Access to palliative care where a patient calls home will improve patients’ quality of life, allowing patients and families to spend more time together, and less time in doctors’ offices and emergency rooms. It will also protect medically vulnerable people from unnecessary exposure to COVID-19 and other illnesses.

Please join HAN in urging your Senators to cosponsor this bill.


The expansion of telehealth has been one slim silver lining of the COVID-19 pandemic.  During the Public Health Emergency, which was first declared on March 17, 2020, and has been extended repeatedly since, hospice patients, families, and providers have benefited from two key telehealth flexibilities: the inclusion of home as an originating site for telehealth visits, which means that patients can meet with providers via telehealth from home and allowing the required face-to-face visits prior to recertification for the hospice Medicare benefit via telehealth.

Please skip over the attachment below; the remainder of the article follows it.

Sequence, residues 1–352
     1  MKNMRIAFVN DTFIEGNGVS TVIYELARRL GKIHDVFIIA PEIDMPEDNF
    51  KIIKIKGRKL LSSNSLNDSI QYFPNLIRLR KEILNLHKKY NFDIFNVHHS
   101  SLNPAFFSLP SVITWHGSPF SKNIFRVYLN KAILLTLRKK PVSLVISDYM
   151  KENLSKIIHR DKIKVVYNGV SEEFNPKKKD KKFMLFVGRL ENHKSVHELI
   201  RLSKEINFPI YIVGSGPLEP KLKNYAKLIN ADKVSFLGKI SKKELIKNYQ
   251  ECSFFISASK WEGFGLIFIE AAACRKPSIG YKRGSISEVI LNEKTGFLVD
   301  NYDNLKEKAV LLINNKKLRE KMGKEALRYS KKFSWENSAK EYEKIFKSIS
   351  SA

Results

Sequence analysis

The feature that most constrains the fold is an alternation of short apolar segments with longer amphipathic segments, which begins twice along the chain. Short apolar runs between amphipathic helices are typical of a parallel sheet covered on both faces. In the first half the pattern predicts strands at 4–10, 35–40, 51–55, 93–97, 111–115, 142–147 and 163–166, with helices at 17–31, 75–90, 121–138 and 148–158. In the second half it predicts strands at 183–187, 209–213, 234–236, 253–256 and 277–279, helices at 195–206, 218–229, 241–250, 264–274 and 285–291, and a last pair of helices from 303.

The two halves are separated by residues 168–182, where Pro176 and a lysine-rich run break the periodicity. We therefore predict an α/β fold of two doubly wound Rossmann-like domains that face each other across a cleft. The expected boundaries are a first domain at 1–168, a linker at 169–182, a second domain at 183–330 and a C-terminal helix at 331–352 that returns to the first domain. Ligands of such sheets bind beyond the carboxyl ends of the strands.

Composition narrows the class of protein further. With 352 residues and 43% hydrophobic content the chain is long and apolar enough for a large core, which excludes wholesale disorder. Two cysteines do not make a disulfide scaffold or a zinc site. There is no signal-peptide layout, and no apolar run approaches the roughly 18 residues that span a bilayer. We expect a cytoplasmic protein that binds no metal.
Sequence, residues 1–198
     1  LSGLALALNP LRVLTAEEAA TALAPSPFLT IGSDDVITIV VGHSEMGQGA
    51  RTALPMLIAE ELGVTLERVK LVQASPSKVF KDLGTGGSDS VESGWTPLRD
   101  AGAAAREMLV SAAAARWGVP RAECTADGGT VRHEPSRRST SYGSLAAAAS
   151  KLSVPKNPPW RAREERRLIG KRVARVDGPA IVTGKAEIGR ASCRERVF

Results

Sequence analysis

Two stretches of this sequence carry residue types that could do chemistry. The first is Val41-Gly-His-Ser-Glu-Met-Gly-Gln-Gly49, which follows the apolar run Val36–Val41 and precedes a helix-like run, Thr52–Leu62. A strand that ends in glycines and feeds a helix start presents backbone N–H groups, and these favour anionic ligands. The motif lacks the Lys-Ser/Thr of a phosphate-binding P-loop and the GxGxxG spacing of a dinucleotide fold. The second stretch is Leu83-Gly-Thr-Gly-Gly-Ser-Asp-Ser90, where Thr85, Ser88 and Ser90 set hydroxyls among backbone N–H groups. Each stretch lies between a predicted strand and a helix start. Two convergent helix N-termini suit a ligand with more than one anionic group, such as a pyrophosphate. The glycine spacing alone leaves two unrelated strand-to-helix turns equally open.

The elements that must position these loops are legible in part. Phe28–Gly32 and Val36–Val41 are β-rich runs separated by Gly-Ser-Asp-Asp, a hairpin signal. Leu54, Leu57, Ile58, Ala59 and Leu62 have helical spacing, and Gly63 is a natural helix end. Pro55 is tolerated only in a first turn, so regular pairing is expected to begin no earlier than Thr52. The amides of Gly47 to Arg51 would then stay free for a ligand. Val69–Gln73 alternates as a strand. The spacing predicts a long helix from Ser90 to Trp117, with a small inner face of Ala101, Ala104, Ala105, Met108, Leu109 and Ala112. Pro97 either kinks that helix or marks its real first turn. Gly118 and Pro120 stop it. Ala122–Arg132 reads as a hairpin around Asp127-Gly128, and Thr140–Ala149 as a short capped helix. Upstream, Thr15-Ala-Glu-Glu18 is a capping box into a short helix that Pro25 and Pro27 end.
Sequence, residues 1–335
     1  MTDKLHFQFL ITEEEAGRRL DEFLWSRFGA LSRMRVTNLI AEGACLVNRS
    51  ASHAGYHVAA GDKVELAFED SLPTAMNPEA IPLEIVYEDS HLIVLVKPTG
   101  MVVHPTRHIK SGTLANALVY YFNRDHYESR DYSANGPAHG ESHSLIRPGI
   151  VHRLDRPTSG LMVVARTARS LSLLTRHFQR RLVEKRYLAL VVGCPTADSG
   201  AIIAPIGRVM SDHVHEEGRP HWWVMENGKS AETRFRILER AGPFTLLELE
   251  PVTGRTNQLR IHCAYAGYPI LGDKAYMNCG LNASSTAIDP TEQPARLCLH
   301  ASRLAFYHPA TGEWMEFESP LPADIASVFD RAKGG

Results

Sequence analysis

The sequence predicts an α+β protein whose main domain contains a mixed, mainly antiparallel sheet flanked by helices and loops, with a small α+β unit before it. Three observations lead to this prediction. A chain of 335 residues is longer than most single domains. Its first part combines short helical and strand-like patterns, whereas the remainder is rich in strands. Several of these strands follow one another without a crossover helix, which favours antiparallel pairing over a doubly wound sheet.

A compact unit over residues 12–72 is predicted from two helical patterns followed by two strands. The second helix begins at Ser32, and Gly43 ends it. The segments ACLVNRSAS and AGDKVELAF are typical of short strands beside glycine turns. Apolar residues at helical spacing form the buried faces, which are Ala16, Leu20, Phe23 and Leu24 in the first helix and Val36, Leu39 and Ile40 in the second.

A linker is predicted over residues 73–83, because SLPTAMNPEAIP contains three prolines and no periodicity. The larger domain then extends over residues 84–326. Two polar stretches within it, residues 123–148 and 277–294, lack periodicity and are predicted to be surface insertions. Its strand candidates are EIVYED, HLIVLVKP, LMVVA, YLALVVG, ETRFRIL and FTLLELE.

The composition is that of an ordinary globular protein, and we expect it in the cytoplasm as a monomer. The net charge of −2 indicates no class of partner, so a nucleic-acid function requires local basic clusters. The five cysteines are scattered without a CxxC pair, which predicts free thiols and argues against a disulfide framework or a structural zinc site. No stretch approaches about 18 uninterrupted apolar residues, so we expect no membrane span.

Both flexibilities are good candidates for extension beyond the end of the Public Health Emergency. Allowing home as an originating site for telehealth visits eliminates a wasteful and unnecessary trip to a third party provider’s office for hospice patients. There is no reason that a patient should need to risk exposure to COVID-19 and other illnesses, or waste time or resources traveling and sitting in waiting rooms. For many patients, such travel is a burden, which has been removed during the public health emergency and should not be needlessly imposed upon them again. 

Visits between hospice providers and patients prior to recertification for the hospice benefit are also an ideal use of telehealth. These low-touch visits can easily and effectively be done via new technologies, and using telehealth for this purpose, again, can protect medically vulnerable patients and providers, while saving doctors windshield time, freeing them up to see more patients.